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Transforming Librarianship to Model Neuroinclusion in Libraries

February 28, 2024 at 3:00 p.m. EST (1 Hour Long)

While libraries are increasingly implementing practices and services designed to serve neurodivergent patrons, such efforts have not yet extended to neurodivergent library employees. This session will introduce participants to the neurodiversity employment movement and its impact in other fields, such as IT. The presenters will also share results from an IMLS-funded initiative that highlights the voices of neurodivergent librarians and their journey of negotiating identity as they face barriers and enablers to their success. Neurodivergent librarians are an important part of the profession, so it is imperative that libraries adopt neuroinclusive practices in their workplaces. Come learn what to consider at your library!

  • Christine M. Moeller is a PhD Candidate at the University of Washington Information School. Prior to joining the PhD program at the UW iSchool, Christine worked as an academic librarian for seven years, primarily as an instructional design librarian. Their own experiences and the experiences of their colleagues led them to research the barriers to workplace inclusion experienced by disabled academic librarians, including resilience narratives, stereotypes, and professionalism discourse. Building on this research, they are now investigating the experiences of neurodivergent librarians with the goal of making libraries and eventually other workplaces (like academia itself) more inclusive of neurodivergent people like themself.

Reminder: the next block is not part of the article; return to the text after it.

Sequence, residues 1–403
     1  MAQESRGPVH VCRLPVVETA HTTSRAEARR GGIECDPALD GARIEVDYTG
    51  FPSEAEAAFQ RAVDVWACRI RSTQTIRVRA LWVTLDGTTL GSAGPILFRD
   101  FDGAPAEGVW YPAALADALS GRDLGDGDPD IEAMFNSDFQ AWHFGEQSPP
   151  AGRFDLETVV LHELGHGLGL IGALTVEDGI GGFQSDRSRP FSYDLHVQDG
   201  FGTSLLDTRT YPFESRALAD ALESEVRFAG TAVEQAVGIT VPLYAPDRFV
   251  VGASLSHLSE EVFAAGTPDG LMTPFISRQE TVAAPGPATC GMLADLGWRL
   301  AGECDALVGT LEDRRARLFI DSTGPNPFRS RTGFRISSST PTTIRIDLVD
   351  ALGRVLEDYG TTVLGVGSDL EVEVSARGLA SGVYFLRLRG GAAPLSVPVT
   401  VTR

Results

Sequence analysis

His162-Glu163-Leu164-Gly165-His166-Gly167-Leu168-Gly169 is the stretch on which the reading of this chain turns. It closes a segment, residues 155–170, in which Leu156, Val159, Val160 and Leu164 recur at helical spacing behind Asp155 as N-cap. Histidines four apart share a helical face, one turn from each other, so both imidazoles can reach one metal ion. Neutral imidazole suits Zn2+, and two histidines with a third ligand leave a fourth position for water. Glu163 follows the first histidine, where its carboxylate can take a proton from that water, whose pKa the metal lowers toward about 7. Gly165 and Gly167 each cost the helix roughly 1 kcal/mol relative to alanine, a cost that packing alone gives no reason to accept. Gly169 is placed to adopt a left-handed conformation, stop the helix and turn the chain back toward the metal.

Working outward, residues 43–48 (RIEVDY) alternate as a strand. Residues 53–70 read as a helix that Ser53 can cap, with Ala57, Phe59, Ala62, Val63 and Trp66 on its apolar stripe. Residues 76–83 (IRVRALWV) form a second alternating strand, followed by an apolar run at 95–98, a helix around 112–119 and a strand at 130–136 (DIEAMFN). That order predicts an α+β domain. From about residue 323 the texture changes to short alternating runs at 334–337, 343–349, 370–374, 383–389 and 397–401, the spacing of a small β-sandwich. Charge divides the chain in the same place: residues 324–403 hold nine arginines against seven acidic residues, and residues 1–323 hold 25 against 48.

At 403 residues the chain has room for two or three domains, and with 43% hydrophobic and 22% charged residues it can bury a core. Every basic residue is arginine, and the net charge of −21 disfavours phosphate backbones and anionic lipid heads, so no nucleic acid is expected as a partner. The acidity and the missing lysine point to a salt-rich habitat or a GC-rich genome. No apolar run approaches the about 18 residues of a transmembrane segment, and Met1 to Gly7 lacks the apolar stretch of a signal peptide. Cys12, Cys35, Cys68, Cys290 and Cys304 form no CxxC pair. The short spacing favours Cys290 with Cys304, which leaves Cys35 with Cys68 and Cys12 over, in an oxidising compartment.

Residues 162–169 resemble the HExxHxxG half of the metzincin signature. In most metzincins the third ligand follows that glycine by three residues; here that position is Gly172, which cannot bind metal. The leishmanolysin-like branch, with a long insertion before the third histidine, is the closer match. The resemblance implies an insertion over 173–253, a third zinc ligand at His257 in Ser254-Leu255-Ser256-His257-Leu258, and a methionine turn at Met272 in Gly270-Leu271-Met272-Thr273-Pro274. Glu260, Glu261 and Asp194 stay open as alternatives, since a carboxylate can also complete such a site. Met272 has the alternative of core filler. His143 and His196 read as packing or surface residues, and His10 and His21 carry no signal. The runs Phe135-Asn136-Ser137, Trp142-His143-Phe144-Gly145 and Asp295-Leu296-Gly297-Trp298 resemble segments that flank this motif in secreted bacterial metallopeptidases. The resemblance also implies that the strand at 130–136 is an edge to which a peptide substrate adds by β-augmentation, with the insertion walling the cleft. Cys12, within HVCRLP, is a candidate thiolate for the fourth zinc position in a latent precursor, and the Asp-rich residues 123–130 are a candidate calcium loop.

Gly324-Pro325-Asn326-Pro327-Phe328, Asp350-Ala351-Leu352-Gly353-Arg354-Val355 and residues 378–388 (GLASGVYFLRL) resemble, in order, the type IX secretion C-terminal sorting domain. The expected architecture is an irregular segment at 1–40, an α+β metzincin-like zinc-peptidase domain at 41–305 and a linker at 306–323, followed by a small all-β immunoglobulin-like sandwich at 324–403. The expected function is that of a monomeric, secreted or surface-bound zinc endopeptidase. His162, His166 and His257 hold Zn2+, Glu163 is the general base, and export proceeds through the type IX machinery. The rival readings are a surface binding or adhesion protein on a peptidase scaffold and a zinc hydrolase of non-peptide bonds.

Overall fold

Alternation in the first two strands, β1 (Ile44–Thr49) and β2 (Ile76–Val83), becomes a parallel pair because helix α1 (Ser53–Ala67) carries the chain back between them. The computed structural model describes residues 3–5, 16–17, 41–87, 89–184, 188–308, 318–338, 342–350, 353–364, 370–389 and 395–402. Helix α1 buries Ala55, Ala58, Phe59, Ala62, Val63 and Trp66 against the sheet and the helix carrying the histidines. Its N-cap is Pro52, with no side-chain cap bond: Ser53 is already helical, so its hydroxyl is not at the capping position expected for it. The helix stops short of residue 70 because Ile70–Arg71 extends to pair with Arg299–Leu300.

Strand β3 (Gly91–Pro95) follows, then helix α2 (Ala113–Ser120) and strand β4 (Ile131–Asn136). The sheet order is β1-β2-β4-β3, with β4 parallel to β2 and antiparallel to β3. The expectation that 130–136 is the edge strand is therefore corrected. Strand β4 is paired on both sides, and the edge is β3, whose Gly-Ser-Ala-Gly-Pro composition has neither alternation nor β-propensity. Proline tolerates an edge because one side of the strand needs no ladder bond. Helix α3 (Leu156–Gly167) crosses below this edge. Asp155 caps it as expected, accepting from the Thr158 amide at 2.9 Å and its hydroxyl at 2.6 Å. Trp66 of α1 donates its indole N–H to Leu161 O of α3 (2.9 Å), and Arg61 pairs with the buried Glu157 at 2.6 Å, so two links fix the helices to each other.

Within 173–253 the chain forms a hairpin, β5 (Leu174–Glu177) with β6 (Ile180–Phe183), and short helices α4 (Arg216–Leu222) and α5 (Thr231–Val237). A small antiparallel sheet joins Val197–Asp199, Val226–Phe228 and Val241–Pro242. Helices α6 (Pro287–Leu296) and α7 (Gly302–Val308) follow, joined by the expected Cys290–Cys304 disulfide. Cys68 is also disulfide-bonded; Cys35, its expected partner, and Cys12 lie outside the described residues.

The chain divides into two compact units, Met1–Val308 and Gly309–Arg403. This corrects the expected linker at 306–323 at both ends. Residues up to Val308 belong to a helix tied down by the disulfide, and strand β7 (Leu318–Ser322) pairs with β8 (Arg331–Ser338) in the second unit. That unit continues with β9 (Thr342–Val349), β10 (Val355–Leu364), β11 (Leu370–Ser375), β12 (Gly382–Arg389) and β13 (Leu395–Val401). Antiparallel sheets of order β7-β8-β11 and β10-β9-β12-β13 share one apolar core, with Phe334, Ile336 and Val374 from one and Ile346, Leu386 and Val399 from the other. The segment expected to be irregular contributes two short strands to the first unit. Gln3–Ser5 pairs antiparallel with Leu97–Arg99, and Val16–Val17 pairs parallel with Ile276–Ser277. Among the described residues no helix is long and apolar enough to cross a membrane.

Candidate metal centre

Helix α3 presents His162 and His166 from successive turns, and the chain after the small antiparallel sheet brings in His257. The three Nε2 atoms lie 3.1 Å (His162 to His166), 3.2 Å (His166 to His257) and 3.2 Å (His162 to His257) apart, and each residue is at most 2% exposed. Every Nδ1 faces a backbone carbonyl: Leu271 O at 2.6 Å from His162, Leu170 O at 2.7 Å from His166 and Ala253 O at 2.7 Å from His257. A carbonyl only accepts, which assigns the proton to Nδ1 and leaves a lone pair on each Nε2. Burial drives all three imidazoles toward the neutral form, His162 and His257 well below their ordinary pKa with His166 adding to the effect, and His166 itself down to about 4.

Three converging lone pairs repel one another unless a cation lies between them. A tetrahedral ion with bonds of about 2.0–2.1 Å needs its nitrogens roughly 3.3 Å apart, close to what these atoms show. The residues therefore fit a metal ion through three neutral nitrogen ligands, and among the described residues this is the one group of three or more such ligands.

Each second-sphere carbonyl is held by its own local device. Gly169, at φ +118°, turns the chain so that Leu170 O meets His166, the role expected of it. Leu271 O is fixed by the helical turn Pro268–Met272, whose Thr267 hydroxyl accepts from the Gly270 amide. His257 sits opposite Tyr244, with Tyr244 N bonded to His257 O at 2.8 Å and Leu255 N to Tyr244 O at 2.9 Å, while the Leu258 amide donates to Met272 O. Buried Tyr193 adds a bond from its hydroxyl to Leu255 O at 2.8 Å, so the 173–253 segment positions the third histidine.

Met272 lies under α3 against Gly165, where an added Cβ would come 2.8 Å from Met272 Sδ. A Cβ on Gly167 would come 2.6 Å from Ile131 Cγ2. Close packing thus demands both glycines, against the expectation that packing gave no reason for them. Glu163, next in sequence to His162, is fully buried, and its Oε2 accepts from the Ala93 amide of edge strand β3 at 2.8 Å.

• Dr. Hala Annabi is an Associate Professor in the Information School at the University of Washington. Her research focuses on creating and maintaining inclusive learning organizations. Dr. Annabi investigates diversity and inclusion interventions in the technology industry aimed at retaining and advancing women, as well as recruiting, retaining, and advancing individuals with autism. She also investigates the design, development, deployment, and assessment of asynchronous learning networks, distributed work, open source software groups, and virtual communities of practice. While at Ohio University, Dr. Annabi held academic leadership positions and co-founded the Select Leadership Development Program, and founded Women in Information Systems and the OU College of Business Honors Program. In addition to her academic career interests, she is a partner in McGann Annabi Consulting, an independent consulting firm providing services in the areas of system strategy, diversity and inclusion interventions, and leadership development. Dr. Annabi earned a B.S. in Business Administration and Management Information Systems and an MBA from Le Moyne College. She earned a Ph.D. in Information Science and Technology from The Information School at Syracuse University in 2005.